As part of our animatic assessment, we are required to write a report on the lighting we used. I wanted to try something a little more dramatic, seeing as lights aren’t my strong point.
Rembrandt lighting is a style of lighting that creates contrast between light and dark using spotlights to highlight specific points of action.
Some examples of Rembrandt lighting.
Originally I was having some issues with using spotlights in my scene. However after creating some point lights to set up the overall area lighting, putting in the spotlights afterwards it finally worked.
I used several different types of lights in my animatic.
Spot lights with fog
The point lights were used to create the overall area lighting. Since I have a lot of corners in my environment, this caused issues with creating large dark areas in the first set which were undesirable.
To overcome this problem I used an area light with a low intensity of 0.2000 and a linear decay to try and break up the harshness of the shadow.
Thinking of how I can make my first set a little more dramatic I added some green area lights to help contrast the reds of the environment. This idea was used several times and managed to create other unplanned effects that worked well.
These lights were placed in the wall nook above the jars, which are the Evil Queen’s alchemy samples. Here it originally shines bright and eerie as the queen walks in and later serves as a bounce light on the queens face for the close up of her reactions helping to convey she is somewhat evil. A quadratic decay was used with these lights so the other objects close to the area didn’t become saturated with green.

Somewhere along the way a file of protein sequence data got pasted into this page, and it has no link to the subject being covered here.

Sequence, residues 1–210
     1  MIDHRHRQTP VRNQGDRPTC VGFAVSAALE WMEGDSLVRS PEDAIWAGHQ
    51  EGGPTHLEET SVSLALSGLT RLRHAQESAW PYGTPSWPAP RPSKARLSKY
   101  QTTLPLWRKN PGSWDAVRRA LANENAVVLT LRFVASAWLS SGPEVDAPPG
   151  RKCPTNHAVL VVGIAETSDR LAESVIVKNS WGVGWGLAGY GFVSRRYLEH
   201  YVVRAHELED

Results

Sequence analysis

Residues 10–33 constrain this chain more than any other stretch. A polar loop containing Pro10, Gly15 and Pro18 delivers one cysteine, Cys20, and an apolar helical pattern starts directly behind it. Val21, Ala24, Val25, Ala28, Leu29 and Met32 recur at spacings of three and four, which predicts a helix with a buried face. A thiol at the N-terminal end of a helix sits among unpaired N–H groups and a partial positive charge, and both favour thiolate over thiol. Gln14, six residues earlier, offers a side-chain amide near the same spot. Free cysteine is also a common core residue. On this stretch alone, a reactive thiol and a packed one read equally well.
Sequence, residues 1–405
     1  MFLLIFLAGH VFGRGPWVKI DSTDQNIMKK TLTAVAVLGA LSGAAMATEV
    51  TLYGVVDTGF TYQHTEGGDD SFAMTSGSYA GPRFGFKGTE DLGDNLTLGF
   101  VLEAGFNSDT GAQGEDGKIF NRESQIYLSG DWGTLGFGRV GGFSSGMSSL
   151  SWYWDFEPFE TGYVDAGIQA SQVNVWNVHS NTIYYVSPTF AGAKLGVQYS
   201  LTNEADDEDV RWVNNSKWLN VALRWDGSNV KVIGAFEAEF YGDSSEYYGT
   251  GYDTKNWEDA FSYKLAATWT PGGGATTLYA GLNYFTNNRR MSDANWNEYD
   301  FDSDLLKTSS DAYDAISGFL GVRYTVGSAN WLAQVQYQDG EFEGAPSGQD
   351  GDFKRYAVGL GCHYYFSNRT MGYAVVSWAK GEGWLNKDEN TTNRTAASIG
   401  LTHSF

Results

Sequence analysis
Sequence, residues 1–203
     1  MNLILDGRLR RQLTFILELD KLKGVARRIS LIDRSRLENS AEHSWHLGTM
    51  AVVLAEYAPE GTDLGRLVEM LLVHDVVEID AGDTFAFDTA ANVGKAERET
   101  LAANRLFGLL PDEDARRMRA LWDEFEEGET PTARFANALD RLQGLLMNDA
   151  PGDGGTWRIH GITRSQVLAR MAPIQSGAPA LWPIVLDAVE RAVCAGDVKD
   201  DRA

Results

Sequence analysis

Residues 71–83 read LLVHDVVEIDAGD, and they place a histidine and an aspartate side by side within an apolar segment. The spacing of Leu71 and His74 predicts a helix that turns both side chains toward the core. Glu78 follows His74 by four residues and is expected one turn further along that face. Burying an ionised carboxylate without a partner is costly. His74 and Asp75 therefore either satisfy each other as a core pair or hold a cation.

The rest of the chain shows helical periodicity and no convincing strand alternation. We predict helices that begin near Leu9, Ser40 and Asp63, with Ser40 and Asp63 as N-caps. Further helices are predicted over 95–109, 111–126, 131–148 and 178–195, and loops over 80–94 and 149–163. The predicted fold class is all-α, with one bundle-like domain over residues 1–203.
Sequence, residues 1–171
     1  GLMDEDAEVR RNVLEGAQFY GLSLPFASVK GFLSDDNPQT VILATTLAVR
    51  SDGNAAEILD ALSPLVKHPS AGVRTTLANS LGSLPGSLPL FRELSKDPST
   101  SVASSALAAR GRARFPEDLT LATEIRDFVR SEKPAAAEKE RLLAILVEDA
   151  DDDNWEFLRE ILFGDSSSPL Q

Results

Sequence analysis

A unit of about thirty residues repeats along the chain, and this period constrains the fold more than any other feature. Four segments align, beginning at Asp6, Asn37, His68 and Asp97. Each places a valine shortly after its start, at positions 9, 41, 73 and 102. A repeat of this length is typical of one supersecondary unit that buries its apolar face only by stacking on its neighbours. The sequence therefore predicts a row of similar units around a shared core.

Very subtle, there is another of these point lights used underneath the table in the sunken floor area to help set the mood of eeriness.
For the second set, where the reflections are filmed. This was another challenge again, duplicated lights were used in this set, however positioning of the lights caused unwanted results in some areas.
A negative light was used within the mirrors reflection to stop the main point light casting a harsh shadow behind the “vision” revealing where the hole in the wall was. Also due to shadows cast by the queen onto the face of snow white, a subtle spot light with fog enabled to try and decrease the harshness was used.
The lighting rig was used to cast subtle colour of the surrounding environment onto the characters and objects, the down lights have a pale gold light to reflect the paleness of the gold walls and the upward lights have a maroon to reflect the bounce light of the carpet. Directional lights were used to achieve this, which means the rig could be placed anywhere and still affect the objects and characters between both sets. This kept the lighting in this situation continuous.
Lastly, another technique I tried to convey was the use of Rembrandt lighting in the film noir style. A spotlight duplicated from the ones used for the reflections was used to light one side of the queens face during the close up’s of her emotions.
An example of film Noir.
This is already a fairly dark lit scene due to the point lights for the room being behind her. However with the spotlight fog and the bounce light of the green point lights I feel this gives a darker more unfriendly look to the queen.
To conclude, lighting can completely change the look of a scene from something that might seem friendly with continuous and even lighting, to something more uninviting with light fog, colours that are commonly known as “evil” or “poisonous” colours and high contrasts between light and dark.
The high contrasts between light and dark also make the viewer focus on the intended parts of the story, without becoming distracted with unnecessary detail.